Campaigners have raised fears as to whether a Home Office contractor could 'flee the city', leaving some asylum seekers cut adrift as the current housing contract for refugees comes to an end.

In the coming months Home Office contracts providing accommodation in Glasgow to those seeking asylum will transition from current provider Serco to the Mears Group.

While Mears will take up housing provision in September, their contract states they are only liable for 'eligible' asylum seekers, not those in the 'over-stayer' group.

At present, Serco are attempting to evict around 300 asylum seekers who they claim have exhausted all options to remain in the UK.

However, a legal challenge is ongoing to challenge their use of lock-changes to remove these people from their homes.

Groups supporting refugees have now challenged the Home Office to provide an explanation as to why their contracts with both contractors permit such behaviour.

Graham O’Neill, Scottish Refugee Council's policy manager, said: "The Home Office, not Serco, have ultimate responsibility for the welfare of all those seeking, granted and refused refugee protection, who are in Glasgow.

"The Home Office have a duty to ensure transition is handled well, and by definition it won’t be if it leaves vulnerable people street homeless.

"We are not only deeply concerned with the Home Office cutting this vulnerable population adrift to be left with Serco only, once Mears take over at the start of September, but we question whether the Home Office’s own contract with Serco and Mears permits that to happen.

READ MORE: Serco quizzed on Glasgow asylum seeker eviction methods

"The city requires that explanation.”

The removals by Serco look set to begin within the next ten days, with fears those taken from their homes could be left destitute on the streets of Glasgow.

The multi-million pound group say they are not being paid to accommodate those in this group, and that they plan to have carried out all evictions by the end of their contract, with no housing staff remaining in the city.

READ MORE: Home Office contractor slammed over asylum seeker housing conditions

When asked what their plan was if all 300 evictions were not carried out, Serco said they would not speculate on a hypothetical situation.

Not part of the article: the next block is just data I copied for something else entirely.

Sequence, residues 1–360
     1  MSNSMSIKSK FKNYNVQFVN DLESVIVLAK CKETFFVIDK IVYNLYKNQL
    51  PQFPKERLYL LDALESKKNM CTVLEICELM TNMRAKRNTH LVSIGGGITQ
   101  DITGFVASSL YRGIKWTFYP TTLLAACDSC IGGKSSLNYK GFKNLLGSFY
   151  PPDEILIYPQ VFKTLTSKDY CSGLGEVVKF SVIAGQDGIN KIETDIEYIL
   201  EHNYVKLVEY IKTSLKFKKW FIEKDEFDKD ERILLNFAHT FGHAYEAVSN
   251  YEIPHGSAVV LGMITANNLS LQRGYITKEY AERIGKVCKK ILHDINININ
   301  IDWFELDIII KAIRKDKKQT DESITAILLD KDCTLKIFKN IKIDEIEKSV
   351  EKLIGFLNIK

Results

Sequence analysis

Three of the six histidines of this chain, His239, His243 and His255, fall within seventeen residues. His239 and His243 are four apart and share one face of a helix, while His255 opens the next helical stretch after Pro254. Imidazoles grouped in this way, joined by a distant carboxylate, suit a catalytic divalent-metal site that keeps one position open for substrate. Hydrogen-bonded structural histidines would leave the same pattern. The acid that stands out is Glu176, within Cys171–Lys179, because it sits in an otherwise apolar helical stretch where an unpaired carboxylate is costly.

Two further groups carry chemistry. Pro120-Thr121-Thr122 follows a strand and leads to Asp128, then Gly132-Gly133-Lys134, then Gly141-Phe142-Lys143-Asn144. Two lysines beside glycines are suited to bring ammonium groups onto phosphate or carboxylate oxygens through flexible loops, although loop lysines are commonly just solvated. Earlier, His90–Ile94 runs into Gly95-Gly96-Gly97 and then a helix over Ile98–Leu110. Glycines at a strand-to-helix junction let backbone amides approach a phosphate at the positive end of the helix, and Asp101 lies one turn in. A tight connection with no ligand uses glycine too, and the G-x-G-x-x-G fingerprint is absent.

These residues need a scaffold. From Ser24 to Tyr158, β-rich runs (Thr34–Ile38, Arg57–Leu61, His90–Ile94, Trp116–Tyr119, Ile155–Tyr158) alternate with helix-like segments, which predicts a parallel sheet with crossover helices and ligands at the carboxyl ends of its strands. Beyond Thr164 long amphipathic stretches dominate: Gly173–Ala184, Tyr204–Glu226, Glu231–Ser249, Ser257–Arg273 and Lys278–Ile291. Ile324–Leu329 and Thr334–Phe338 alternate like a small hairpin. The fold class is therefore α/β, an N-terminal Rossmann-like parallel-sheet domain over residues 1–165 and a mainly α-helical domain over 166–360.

Serco's Jenni Halliday said: “By the end of September 2019 we will no longer have any people providing housing services in Glasgow, neither will we have a licence to provide accommodation.

"Accordingly, in the coming months we are going to have to return all the housing we rent in Glasgow to its owners at the end of the leases.

"This is why we are restarting our lock-change programme so that properties may be returned to their owners with vacant possession in accordance with our contractual obligations.”

READ MORE: Asylum seeker lock change evictions plan by Serco sparks anger in Glasgow

Groups defending asylum seekers from evictions now fear this could mean Serco will suddenly clear out of Glasgow in September, leaving the city to step in and support these refugees.

Living Rent organiser Sean Bailie said: "Any situation where Serco flee the city leaving their responsibilities unfulfilled must be taken seriously. In such a vacuum of accountability landlords who will regain possession of their property will be ill equipped to handle the situation appropriately and safely.

READ MORE: Glaswegians protest against Serco evictions

"Ultimately unless Mears step in to take management of these properties it will be left to the people of Glasgow to step in as we always have.

"There is no reason in our eyes why they have refused to take on the agreements for these 300 properties. Indeed this would have and still can prevent this scenario playing out any further."

This statement comes as campaigners, including Living Rent, organised a protest at Serco offices in Glasgow, with similar events to be held in the coming weeks.

Despite this plea, bosses from the Mears Group have reiterated they have no responsibility for 'ineligible asylum seekers' when their contract begins.

A Mears spokesperson added: "The current issues regarding ineligible asylum seekers are matters for the Home Office and the current contractor.

"We are in the process of agreeing an approach that is appropriate for the new contract and are in discussions.

READ MORE: Council plan to allow asylum seekers to work in Glasgow

"Mears are committed to supporting all those in our accommodation. In cases where an individual is refused, we will follow the due legal process, respect all rights of review and appeal, and make sure that they have access to advice and support to reach the best outcome.”

A Home Office spokesperson said: “The Home Office takes the wellbeing of asylum seekers and the local communities in which they live extremely seriously.

“We have and will continue to work closely with local authorities and partners to ensure that those who have no right to be in the UK leave their accommodation in a safe and secure way.

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“We have been working with Glasgow City Council and other partners to ensure those at risk of potential eviction have the necessary advice on their options.”